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By Davis B. Hilder

The latest wave of bad weather--and it was at times literally a wave--began last Friday, with a storm that dumped almost a foot and a half of heavy, wet snow on the Boston area.

It snowed for most of the day and night, while the high winds combined with the dense snow to bring most local traffic to a halt.

Meanwhile, out in the Southwest, another severe storm was brewing, and local weathermen, saying that it looked like this was the winter that would pull out all the stops, forecast even more snow for Sunday night and Monday.

Were they ever fooled. Instead of snow, we got rain, which came close to washing about half of the accumulated snow away. But the snow washed into storm drains and blocked them, creating serious flooding problems all across New England.

To make matters worse for anyone who dared to stray from the overheated confines of a Harvard dorm, freezing cold followed the day of rain, and turned most streets and sidewalks into rough approximations of Watson Rink.

Many of the acts of slipping and sliding with occasional aerial gyrations that innocent bystanders performed on the sidewalks, however, would have earned at least a 9.35 in Olympic diving competition. Others were less graceful.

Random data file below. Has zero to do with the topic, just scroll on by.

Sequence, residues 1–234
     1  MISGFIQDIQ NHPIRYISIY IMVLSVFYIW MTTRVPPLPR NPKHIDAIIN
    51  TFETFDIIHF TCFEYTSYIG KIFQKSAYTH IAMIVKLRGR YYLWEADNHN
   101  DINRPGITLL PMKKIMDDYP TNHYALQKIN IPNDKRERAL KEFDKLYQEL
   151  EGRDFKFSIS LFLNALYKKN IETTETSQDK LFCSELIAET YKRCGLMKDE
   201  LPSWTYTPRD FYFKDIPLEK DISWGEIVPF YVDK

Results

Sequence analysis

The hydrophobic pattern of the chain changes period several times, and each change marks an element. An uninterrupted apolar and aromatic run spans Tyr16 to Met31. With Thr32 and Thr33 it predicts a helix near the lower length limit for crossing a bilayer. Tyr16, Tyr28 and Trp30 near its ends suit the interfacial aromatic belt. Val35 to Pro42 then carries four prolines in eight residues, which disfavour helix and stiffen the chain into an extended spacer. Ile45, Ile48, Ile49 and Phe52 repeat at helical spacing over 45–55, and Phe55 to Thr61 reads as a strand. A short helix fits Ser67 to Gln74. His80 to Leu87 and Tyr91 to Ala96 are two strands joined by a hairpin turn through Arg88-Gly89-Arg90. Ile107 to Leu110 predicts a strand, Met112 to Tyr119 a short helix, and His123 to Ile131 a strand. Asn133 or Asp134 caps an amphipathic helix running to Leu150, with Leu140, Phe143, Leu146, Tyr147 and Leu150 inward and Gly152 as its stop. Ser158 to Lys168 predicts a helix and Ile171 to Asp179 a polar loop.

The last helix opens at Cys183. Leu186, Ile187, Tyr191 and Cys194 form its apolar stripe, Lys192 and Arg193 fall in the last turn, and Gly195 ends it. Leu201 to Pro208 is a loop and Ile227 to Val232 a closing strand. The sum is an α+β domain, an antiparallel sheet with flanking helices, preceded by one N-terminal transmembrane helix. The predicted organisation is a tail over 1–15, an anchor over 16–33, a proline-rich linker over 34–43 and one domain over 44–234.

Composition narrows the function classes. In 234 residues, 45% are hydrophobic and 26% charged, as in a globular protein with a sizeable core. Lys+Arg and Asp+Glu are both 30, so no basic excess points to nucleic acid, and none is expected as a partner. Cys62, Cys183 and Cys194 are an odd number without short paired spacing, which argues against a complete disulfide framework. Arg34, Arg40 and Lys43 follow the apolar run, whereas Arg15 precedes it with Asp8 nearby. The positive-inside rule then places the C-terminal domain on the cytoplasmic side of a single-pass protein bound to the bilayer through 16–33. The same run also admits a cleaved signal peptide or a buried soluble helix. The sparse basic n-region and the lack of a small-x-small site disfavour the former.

With the storm, of course, came endless varieties of winter havoc. Beyond snowball fights in the Yard and snowsculptures motivated more by reading period boredom than artistic yearning, the weather forced a bureaucratic scramble for the snowshovels.

Public schools in Boston and most suburbs remained closed all week. But Archie C. Epps III, dean of students, said that Harvard would not bow to cold, snow, rain or even sleet in completing its appointed Reading Period.

The Harvard Police finally put snow tires on their patrol cars, and Cambridge Mayor Alred E. Vellucci estimated that the city's increased snow removal costs could add at least $1 to next year's tax rate.

The only lasting memorial to this week's weather may be found in the Science Center. During the early showing of "The African Queen" Friday night, six panels in the slanted glass roof broke, covering one of the first-floor corridors with glass and melted ice.

The wire-reinforced panels apparently broke when they were hit by chunks of ice falling from the Science Center's main roof.

The damaged panels are now covered with plywood--a scene reminiscent of the John Hancock Building--and various Buildings and Grounds supervisors are arguing among themselves about whether to replace the panels with glass or another, tougher, material.

But don't put your galoshes away. There is more bad weather around the corner. Light snow is predicted for this morning, but the National Weather Service said yesterday that it will merely be a harbinger of another storm, now over the Gulf Coast, that could belt New England with more rain, snow and sleet tonight and tomorrow.

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